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REGULATION OF BUSINESS

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Introduction

Assignment 1 Faculty of Organisation and Management REGULATION OF BUSINESS Select one of the privatised industries and critically examine the extent to which regulation has proved effective in the period of 1997 - 2003. Sheffield Hallam University, school year 2004 - 2005 Introduction It was under the Thatcher government that the era of privatisation started and it was "the most radical change in the 20th century British politics" (Young, 2001, p. 1). From 1984 to 1991, the telecommunications, gas, water and electricity industries which were under government control, were sold to become privately owned and controlled. The privatisation of the electricity industry occurred in 1990 but had already begun in 1987 with the creation of a programme describing the different tasks involved in privatising the generation, transmission and distribution of electricity. According to Young (2001), the considerable number of privatisations can be explained by the intention of improving the efficiency and a more economic reason concerning the proceeds of the flotation. As far as the case of electricity is concerned, David Parker (1999) argues that the main reason was to promote competition and that all the producers of the four activities (generation, transmission, distribution and supply), could be divided into separate corporations responsible for each activity and open to competition. After the privatisation of the electricity industry, a regulatory office was created, the Office of Electricity Regulation - also known as Offer. The need for regulatory bodies such as Offer can be explained for example by the requirement of preventing unfair competition when several companies work in the same fields or provide customers the same service, or the need to protect the work force. ...read more.

Middle

On a more economic scale, they need to improve and encourage efficiency and economy, to protect the public from danger and to secure the long term energy supply. Ofgem is also required to be respectful of the environment. For example they, have to take care that the electricity and gas industry do not damage the environment. Furthermore, in the case of companies, Ofgem delivers licences which describe the behaviour companies must have toward customers to make sure they provide a reliable and safe service. They can also force a company to apply the law and particularly licence obligations by imposing financial penalties when customers have for example being injured. Moreover, Ofgem is required to control prices for several institutions : * The National Grid Company for the high voltage electricity in England and Wales * the twelve RECs in charge of the distribution of electricity for England and Wales. The price control is a key issue to guarantee that "monopolies do not abuse their position and provide companies with a future level of revenue and appropriate incentives to meet their statutory duties and licences obligations"(www.ofgem.gov.uk). Money earned by a monopoly business is also constrained to regulation with the RPI-X price control reviewed modified every five years. The RPI-X is a method used to "control prices, not profits, and encourage efficiency within the company"(www.ofgem.gov.uk)". Companies are also encouraged to provide the best service possible by being rewarded or even penalised depending on the quality of their service. III- Benefits and drawbacks of regulation The positive or negative effects created by the regulation can be seen in various fields such as economy with the variation of prices, environmental with the emission of toxic gas ...read more.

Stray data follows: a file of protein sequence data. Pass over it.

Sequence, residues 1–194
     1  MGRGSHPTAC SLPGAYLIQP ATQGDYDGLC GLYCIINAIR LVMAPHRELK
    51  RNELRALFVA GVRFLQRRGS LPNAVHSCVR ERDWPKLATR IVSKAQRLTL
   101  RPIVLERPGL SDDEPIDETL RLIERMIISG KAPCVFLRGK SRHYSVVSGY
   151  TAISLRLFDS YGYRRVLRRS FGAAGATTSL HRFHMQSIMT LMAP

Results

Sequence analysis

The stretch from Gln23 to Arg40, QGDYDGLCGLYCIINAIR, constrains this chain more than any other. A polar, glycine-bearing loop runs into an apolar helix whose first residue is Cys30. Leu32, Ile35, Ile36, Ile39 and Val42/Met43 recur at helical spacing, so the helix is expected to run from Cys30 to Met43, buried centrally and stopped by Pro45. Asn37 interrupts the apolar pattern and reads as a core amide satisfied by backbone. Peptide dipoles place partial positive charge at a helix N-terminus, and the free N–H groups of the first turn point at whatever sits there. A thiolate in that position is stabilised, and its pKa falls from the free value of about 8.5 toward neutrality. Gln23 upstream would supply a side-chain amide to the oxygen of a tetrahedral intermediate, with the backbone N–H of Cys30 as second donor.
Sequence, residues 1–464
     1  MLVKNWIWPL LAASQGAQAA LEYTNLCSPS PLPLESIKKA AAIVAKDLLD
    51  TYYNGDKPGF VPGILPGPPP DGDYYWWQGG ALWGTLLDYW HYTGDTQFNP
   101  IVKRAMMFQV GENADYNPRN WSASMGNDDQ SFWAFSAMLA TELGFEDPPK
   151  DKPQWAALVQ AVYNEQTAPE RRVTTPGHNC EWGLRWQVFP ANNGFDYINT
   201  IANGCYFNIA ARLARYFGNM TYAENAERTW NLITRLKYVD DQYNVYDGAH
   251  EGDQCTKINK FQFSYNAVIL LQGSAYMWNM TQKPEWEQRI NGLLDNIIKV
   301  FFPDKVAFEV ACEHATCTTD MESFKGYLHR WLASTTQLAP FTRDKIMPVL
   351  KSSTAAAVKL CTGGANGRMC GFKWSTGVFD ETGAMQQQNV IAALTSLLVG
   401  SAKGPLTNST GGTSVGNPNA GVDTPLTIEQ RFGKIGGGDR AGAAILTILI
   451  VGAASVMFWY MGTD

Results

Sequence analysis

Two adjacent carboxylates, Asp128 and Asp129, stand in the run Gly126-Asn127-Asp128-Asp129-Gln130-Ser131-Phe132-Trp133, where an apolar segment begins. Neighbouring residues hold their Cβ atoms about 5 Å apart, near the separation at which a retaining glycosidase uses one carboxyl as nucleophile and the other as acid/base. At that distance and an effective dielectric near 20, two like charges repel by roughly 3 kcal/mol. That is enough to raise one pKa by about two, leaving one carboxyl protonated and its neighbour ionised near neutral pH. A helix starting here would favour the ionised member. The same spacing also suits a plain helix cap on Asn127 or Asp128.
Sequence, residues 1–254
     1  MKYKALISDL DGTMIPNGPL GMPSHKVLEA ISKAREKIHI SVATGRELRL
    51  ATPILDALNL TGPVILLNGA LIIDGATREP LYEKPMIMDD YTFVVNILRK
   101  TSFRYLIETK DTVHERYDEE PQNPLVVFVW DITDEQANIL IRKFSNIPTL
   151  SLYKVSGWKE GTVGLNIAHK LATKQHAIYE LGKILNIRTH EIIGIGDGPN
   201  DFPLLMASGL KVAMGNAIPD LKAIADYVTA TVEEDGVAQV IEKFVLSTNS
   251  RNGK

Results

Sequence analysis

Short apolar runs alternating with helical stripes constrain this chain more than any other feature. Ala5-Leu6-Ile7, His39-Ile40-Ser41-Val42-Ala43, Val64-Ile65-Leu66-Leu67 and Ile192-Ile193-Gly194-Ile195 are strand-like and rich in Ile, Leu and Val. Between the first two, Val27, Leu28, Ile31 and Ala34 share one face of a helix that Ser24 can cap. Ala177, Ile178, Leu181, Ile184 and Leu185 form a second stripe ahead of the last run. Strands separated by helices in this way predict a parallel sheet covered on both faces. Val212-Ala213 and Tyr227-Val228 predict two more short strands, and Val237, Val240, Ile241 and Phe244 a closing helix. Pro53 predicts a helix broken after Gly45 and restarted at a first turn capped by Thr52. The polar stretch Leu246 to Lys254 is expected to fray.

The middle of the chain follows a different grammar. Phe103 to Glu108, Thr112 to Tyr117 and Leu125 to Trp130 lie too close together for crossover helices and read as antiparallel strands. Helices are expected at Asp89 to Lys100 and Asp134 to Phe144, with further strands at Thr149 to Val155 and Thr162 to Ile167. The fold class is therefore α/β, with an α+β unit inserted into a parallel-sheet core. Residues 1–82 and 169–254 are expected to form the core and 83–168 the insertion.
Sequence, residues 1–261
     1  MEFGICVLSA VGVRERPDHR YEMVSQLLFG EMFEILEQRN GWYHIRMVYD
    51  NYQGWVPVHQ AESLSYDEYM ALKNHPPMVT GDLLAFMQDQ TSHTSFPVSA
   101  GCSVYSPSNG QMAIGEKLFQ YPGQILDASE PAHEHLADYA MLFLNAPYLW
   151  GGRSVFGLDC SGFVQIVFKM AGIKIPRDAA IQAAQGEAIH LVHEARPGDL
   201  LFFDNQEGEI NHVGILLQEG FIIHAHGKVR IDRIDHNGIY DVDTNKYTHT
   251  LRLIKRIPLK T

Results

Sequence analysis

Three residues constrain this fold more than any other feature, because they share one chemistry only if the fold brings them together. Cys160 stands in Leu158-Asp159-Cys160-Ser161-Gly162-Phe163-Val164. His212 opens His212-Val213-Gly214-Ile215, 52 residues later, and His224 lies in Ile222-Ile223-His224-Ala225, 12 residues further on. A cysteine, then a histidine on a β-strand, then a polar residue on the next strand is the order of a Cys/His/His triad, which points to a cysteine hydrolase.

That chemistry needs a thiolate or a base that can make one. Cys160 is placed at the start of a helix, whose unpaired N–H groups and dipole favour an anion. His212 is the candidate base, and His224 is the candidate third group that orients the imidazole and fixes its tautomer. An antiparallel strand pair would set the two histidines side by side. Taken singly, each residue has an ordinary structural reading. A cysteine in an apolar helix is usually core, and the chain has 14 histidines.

Conclusion

The Electricity association annual report pointed out that the accident rate in the Electricity industry has been decreasing since 1994, from about 1,1 accident for 100 employees to 0,4 in 2002 (2003 ,p. 18). And in the case of the members of public, the tendency is the same : about 300 people injured at work in 1991 to 195 in 2002, and 110 people injured at home in 1991 to 160 in 2002. In 1999, the Electricity Association which works in relation with Ofgem, created a program called Safelec 2000, which was updated at the end of April 2002. Its aim is to improve health and safety performance. Companies have also developed measures and targets to achieve in regard to the Safelec program, especially for distribution and generation. Even if the number of injuries recorded is low compared to other industries, 0.4 accidents per 100 employees is still too much and the industry should keep on making prevention especially to the members of public, about the risk electricity constitute. Conclusion To conclude, regulation of privatised industries is necessary not only to protect the consumers' interest, but as well the environment, the health and safety of people and the economy. Regulations needs also to be updated regarding to changes that appear and may affect its efficiency. It has been shown throughout this essay that regulation could prove effective in certain areas but could also be subjected to some problems. The decrease of prices was one of the most remarkable change after the privatisation of the industry and when the market fully opened to competition. It has benefited the consumer as well as the environmental measures. However, in the matter of health and safety or even social issues such as fuel poverty, it is widely agreed that regulation could be improved. ...read more.

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